Kansas Snapshots by Gloria Freeland - October 5, 2018
"Iíve got my tree, Iím good here"
As far back in history as we can go, trees have represented the continuity of life. A tree sprouts, grows, branches out, and
creates fruits or seeds that produce the next generation. When my first husband Jerome died in February 1986, I found comfort in
watching the trees that had been dormant all winter come to life again the following spring.
Iíve written several columns about trees - the ash tree at home that created a sense of stability as I recovered from a debilitating disease, the cedar tree planted by my grandfather and his mother on our familyís farm that provided a visible reminder of my family, and William Grimm's oak tree on the Kansas State University campus that pays respect to one of its graduates after his death in Operation Desert Storm.
In 2002, a red oak was planted on the K-State campus to honor Stan Leland and his late wife Jeanne. It was donated by their son Brent and his wife Teresa. She said Stan was happy it was near where his office used to be in Waters Hall:
Both Stan and Jeanne were proud of K-State and loyal season football ticket holders ... Manhattan is where they lived the longest, where Stan worked for many years, where the boys went to school, and where two of them got married ...
Brent said they picked an oak tree so that it would be around for many years. My mother, who was Stanís loving companion after
Jeanneís death, was pleased when Stan, Brent and Teresa took her to see the tree in 2005. Both Mom and Stan are gone now, but the
tree is still there and that, somehow, eases those losses.
In 2003, daughter Katieís close fourth-grade friend Logan died in a traffic accident. The planting of a tree in the school playground to honor Loganís too-short life and keep her memory alive provided comfort to Katie and her classmates.
A couple of weeks ago, I paused in front of a spruce near the entrance of Dole Hall on campus. I smiled and thought of friend Steve Logback, whose memorial service was one year ago today. He always seemed to have a positive attitude and always had time to stop and chat. The spruce was planted in his memory last spring.
His wife Donna shared what the tree-planting ceremony meant to her:
... It was so wonderful to have so much of the staff able to join us, as I truly believe it was as much for them as it was us. By happy coincidence, we learned that the name of the tree was a Fat Albert Colorado Spruce tree ... This was ironic for two reasons. 1. Steve LOVED Colorado. Went often, spoke of it often, just loved being in the mountains surrounded by all the trees. 2. There was a show from our childhood that had a character named Fat Albert, for which he often quoted, ďHey, hey, Fat Al-bertĒ in the same pronunciation as the show. Needless to say, when I read the name of the tree, it made me smile knowing that it made the circumstances extra special ...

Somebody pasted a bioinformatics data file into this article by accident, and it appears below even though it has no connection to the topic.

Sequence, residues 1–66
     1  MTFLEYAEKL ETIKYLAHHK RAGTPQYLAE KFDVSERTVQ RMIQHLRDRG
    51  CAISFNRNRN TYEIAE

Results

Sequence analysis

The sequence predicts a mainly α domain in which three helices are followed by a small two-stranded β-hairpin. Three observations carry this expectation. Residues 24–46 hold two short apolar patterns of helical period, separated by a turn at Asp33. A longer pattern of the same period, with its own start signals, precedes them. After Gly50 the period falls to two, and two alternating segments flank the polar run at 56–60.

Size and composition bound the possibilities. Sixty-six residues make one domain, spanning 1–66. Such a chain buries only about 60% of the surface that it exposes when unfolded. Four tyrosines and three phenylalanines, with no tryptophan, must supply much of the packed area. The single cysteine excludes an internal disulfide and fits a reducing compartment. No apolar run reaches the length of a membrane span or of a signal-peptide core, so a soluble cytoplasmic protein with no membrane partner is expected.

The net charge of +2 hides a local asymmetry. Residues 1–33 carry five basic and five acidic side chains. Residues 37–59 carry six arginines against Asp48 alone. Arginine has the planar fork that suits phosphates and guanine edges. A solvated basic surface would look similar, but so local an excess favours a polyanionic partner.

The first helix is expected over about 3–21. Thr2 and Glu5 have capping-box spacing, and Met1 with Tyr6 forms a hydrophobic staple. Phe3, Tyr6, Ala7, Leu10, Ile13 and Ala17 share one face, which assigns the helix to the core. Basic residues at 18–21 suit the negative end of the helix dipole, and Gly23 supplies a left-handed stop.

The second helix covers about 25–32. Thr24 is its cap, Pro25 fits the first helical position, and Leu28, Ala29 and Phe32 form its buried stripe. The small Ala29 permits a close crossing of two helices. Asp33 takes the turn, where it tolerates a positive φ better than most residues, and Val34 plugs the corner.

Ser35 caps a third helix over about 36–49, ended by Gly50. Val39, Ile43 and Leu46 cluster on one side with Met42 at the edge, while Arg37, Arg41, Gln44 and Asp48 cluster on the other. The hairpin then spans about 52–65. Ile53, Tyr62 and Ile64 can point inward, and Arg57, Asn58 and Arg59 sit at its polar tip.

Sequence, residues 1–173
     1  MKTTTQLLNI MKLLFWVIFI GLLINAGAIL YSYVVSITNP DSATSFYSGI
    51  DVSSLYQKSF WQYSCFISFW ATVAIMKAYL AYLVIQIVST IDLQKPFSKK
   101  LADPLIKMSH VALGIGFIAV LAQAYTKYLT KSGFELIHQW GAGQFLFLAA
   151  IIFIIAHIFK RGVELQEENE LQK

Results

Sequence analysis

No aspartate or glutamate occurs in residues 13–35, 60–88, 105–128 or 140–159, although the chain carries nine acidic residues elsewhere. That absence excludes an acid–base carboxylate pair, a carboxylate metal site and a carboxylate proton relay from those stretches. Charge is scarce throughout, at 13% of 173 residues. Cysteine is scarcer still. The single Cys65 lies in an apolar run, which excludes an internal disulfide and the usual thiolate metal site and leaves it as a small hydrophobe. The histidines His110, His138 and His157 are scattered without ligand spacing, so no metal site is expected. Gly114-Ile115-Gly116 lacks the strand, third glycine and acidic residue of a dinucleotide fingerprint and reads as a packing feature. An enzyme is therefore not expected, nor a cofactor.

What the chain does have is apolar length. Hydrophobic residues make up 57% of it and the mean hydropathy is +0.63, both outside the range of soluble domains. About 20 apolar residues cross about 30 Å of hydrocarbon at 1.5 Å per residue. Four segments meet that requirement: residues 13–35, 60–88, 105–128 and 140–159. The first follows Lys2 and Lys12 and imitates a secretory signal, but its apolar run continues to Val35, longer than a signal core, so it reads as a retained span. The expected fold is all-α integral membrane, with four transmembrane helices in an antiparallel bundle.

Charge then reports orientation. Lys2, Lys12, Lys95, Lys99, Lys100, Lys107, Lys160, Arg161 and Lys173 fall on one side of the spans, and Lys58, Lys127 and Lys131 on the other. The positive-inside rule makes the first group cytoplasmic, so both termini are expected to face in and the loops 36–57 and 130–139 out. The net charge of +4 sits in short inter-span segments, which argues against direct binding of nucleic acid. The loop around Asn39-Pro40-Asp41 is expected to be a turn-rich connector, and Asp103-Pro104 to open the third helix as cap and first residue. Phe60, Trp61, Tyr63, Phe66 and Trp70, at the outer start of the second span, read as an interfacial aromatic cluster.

At the ceremony, family members handed out purple and white carnations and little brown cards with a sketch of a tree and ďIn
loving memory of Steve LogbackĒ on one side, and the following quote on the other: ďA treeís life is judged not by longevity, rather
remembered for the beauty it gave to earth.Ē
Jeffery Morris, vice president for communications and marketing at K-State and Steveís close friend, colleague and boss, said:
To me, the tree serves as a daily reminder of the service Steve provided to our university. I can see it from my office and know that itís an enduring symbol. My practice is to stop every time I walk by, just for a second, to remember Steve. Canít say what it means to other folks, but itís a great way to honor a memory with a living reminder.
Jeff said itís good to be reminded what is important in life - friends and family - and to be sure other things donít get in the
Others have sometimes heard me refer to ďmyĒ gingko tree on the campus. Itís not really my tree, of course, but it shades my car from the hot summer sun and provides a beautiful yellow canopy in the autumn. So it struck me when Donna mentioned Steve was also a fan of shade trees.
... Steve always loved shade trees, searching them out whenever we were out in the open for too long under the hot sun ... he would pat whatever tree he had selected to sit under and explain, ďIíve got my tree, Iím good here.Ē He loved to take solace under its branches, and seemed to gain strength from their majesty, so it only seems fitting that we have a tree for him at his favorite place, K-State.
Donna is still dealing with the deep emotions that go along with losing a dearly-beloved spouse only a little more than a year ago. But she is glad Steveís Fat Albert Colorado spruce is there as a living reminder of his legacy:
... I havenít really been able to process all that this tree could mean for me yet, as I am still trying to process all the transition our family has endured over the last several months. But I do know that it makes me smile when I think about the tree being there, forever protecting that dedicated group of individuals who ensure K-State is well represented in the world.
Whether theyíre evergreens that maintain their color throughout the year or those that leaf out in the spring and summer, change to red and gold in the fall, and become dormant in the winter, trees give us protection and beauty. But perhaps their role as a visual reminder of the transient nature of an individualís life, yet the enduring nature of life itself, is even more important.
Left: Stan with hand on his tree, next to friend Edla Freeland (middle) and daughter-in-law Teresa; top-right: planting Fat Albert; bottom-right: (l-r) Logback's daughter Liz smells a purple carnation while wife Donna looks on. His father is holding the flower. Logback's son Logan is at the right of his grandfather and his aunt is at the extreme right.